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Rüya Demirtaş 2 articles
Residence: TR Bursa Province,
Six Sigma Master BB | Shainin RedX Master | Process Improvement | Quality 4.0 | Lean Management
Six Sigma Master BB, Shainin RedX Master

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“It seems like a usual morning in the production plant. Machines are working for 24 hours per day without interruption. Machine workers, engineers and managers have just gathered around the dashboard to talk about production amounts, fulfillment of customer demand and problems of last 24 hours. Although it looks like an ordinary day, today will be more difficult than many others are, as there is an unexpected finding; a spec, which is not measured 100%, but instead controlled with SPC, detected as out of tolerance after 100% measurements of some batches, while investigating another problem. This means; the risk related to sampling has been happened.

Containment actions are immediately implemented to assure that customer receives no defective product. In addition, an investigation has been started to find out and then kill the root cause…”

Does this story sound familiar? It seems like we will hear such stories more often, as the number of important metrics to be controlled in production is continuously increasing with the increasing complexity of products as well as increasing customer expectations.

Statistical Process Control:

Dr. Walter Shewhart developed Statistical Process Control (SPC) during the 1920s. Dr. W. Edwards Deming promoted SPC during World War II and after.

SPC says that there are two types of variation:

  1. Common cause variation, which is inherent to the process and will always be present
  2. Special cause variation, which is induced by an external source

Dr. Deming have shown that more than 85% of problems are the result of “common cause” variation. He hold the management accountant for the system and claimed that it is manager’s responsibility to work on reducing this type of variation. Later research puts the estimate at over 94%. Preventing and reducing “special cause” variation is the pre-condition for reaching world-class quality and requires problem solving skills.

SPC Control checks, how stable and consistent the process is. It can be either in or out of control.

  • “In-control” - stable and only experiencing systematic or “common cause” variation.
  • “Not in-control” – Process is not stable. Mean and variation are changing due to identifiable or “special” causes (usually controllable by those running the operation).

Control charts are based on sampling. Sampling is subject to two kinds of error:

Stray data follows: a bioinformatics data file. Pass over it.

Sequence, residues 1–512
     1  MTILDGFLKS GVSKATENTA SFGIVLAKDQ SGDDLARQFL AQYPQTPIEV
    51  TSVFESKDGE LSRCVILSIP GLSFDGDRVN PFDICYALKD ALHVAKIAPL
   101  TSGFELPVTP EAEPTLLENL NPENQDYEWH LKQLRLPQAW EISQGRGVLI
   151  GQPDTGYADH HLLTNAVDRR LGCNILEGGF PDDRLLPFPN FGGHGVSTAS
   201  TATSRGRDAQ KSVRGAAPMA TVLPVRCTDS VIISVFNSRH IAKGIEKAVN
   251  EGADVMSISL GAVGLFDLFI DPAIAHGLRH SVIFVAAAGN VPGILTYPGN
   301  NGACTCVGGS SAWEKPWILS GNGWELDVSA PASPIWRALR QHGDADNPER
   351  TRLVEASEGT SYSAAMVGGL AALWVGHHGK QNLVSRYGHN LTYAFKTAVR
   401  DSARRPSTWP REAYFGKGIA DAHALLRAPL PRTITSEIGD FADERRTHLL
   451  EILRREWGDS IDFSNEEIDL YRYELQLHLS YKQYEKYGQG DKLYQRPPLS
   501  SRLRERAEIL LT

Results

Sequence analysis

1. Type I error (α): “False Alarm” – The sample indicates the process is “out-of-control” but is not
  2. Type II error (β): “Failure to detect” – The sample indicates the process is stable, but it really is “out-of-control”

Type 2 error is the consumer risk of getting products out of requirements. Moreover, it is the risk of producer of deviating from customer expectation, which would lead to loosing competitiveness and even to serious compliance issues due to legal requirements.


                  “… essentially, all models are wrong, but some are useful.”

George E. Box (1919-2013), Professor Emeritus of Statistics at the University of Wisconsin


Quality from risk perspective:

“ISO 9000:2005—“Fundamentals and vocabulary for quality management systems” defines quality as the “degree to which a set of inherent characteristics fulfills requirements.”

BusinessDictionary.com describes the quality as “In manufacturing, a measure of excellence or a state of being free from defects, deficiencies, and significant variations, brought about by the strict and consistent commitment to certain standards that achieve uniformity of a product in order to satisfy specific customer or user requirements.”

ISO 9000:2015 Quality management systems — Fundamentals and vocabulary defines risk as the effect of uncertainty. ISO 9001:2015 further explains the concept of risk-based thinking. Risk-based thinking ensures that risks are identified, considered and controlled throughout the design and use of the quality management system of an organization in order to determine the factors that could cause its processes and its quality management system to deviate from the planned results.

Risk management is the process by which we try to control Murphies from crossing a street to starting a business.  Why do we bother looking both ways when we cross a street?  We look for possible sources of risk like a bus hitting us as we cross the street. The purpose of risk management is the creation and protection of value.

If we switch to a risk perspective, the common definitions of quality become; risk of defects, risk of customer dissatisfaction, risk of uncontrolled process variance, risk of product unreliability, risk of security breach, risk of lack of fitness. In other words, failure to achieve objectives.

There is always a cost related to quality control. This cost should be evaluated considering the risk of a possible damage to reputation, legal liability and potential loss of business as a result of the customer receiving defective goods. Quality 4.0 initiatives might help producers add intelligence to monitoring and managing operations. I believe that big data will give companies great opportunities to reduce those risks at acceptable costs.

Published at pmmagazine.net with the consent of Rüya Demirtaş